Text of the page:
It isn't the quality of graphics, even at lowest settings the mechanics (AI?) and rendering (engine) do not work. Stuck with doors not opening, the many other reported flaws and associated weirdness is nothing to do with graphic settings. I take your point re advertising in general, but I would love to take them to court over this never ending release of beta quality version. Proof of fault is inferred by developers fixing these problems. If it were as simple as saying it's advertising, not our fault, they wouldn't have to fix anything. And nowhere in many pre release vids did I see any disclaimer as to what, when and how the high res grabs were produced with. Perhaps that 'should' be made legally binding, to show min spec vids instead of impossibly high mega renders.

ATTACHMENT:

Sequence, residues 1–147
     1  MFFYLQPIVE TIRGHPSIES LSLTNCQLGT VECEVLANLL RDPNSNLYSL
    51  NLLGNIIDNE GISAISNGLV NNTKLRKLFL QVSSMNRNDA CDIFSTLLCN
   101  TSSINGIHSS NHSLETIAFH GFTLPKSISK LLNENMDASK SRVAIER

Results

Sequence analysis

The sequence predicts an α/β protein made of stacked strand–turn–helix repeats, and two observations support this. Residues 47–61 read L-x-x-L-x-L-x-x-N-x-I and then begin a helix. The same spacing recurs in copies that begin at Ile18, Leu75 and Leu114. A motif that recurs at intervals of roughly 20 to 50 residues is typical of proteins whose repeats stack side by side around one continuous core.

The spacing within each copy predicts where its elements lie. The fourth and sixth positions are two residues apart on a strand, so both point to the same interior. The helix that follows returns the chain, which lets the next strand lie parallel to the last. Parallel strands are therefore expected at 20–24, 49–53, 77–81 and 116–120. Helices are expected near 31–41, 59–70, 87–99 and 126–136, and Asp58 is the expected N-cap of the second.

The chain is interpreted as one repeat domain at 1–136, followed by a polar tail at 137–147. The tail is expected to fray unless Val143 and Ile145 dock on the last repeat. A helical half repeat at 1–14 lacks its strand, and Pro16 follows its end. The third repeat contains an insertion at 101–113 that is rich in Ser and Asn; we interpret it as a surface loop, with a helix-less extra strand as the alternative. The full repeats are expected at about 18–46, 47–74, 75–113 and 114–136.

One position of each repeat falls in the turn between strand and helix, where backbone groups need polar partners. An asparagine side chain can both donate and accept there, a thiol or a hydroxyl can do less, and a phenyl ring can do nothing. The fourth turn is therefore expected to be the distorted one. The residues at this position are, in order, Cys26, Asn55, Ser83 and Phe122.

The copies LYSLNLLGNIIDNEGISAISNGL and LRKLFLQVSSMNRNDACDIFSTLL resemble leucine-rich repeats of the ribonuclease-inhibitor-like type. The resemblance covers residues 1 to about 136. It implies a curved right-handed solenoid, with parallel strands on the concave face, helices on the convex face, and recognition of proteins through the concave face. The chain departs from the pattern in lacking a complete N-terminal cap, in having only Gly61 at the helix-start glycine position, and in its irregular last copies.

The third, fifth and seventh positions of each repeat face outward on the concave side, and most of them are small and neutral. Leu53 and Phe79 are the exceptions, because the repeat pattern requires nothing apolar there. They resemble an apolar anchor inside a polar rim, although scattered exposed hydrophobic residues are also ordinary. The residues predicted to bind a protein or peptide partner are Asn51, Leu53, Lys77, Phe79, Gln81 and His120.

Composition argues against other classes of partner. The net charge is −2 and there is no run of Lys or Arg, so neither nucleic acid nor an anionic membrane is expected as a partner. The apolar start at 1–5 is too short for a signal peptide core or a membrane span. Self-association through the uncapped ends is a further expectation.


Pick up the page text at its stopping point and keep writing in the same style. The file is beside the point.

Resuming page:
And I think there may be some legal issue with selling a product that is not stable, that is what beta testing is for. And images on advertising may still have legal issues, (All products must be safe, durable, free from defects, fit for purpose, acceptable in appearance, match its description and match any sample or demonstration model.)
With high end machine owners still reporting many basic issues as unplayable or nearlly so, this goes way past just the graphics, and or engine.
I doubt, if argued properly in court, this game could in anyway be seen as fit for purpose, or even close to advertised quality, even on minimum specs.

Black_ICE_321
11-14-2014, 08:23 AM
No it's not illegal. They advertised Assassin's Creed Unity and they delivered Assassin's Creed Unity.

Here is the reality of the situation

Graphic's of any kind, and stability, have no bearing or effect on product release. This is something that hasn't filtered through gamers heads yet.